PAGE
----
- Publisher: Cambridge University Press
- Online publication date: April 2022
- Print publication year: 2022
- Online ISBN: 9781009169509
- DOI: https://doi.org/10.1017/9781009169509
An influential body of recent work on moral psychology has stressed the interconnections among ethics, narrative, and empathy. Yet as Patrick Colm Hogan argues, this work is so vague in its use of the term 'narrative' as to be almost substanceless, and this vagueness is in large part due to the neglect of literary study. Extending his previous work on universal story structures, Hogan argues that we can transform ill-defined intuitions about narrative and ethics into explicit and systematic accounts of the deep connections between moral attitudes and narratives. These connections are, in turn, inseparable from empathy, a concept that Hogan proceeds to clarify and defend against a number of widely read critiques. In the course of the book, Hogan develops and illustrates his arguments through analyses of global narratives, constructing illuminating ethical interpretations of literary works ranging from Shakespeare to Chinese drama and the Bhagavad Gita.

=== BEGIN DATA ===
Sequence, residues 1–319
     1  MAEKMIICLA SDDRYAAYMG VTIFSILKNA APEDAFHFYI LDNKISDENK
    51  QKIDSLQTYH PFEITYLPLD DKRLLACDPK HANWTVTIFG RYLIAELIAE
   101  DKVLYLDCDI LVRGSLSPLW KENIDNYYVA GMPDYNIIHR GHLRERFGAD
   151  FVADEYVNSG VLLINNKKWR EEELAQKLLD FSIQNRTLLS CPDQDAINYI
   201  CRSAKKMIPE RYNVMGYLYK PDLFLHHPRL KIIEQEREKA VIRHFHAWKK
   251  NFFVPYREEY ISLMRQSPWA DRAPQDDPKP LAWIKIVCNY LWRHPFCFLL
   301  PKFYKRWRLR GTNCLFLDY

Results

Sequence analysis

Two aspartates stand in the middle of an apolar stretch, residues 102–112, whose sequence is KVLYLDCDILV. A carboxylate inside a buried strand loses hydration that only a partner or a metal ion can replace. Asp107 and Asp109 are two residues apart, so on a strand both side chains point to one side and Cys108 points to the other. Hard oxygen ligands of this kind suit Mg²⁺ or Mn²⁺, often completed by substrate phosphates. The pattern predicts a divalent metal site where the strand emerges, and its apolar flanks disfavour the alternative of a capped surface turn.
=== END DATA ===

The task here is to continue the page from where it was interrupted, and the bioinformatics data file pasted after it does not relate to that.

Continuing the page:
Keith Oatley - author of Our Minds, Our Selves: A Brief History of Psychology
Steven Pinker - Johnstone Professor of Psychology, Harvard University, and the author of How the Mind Works and Rationality
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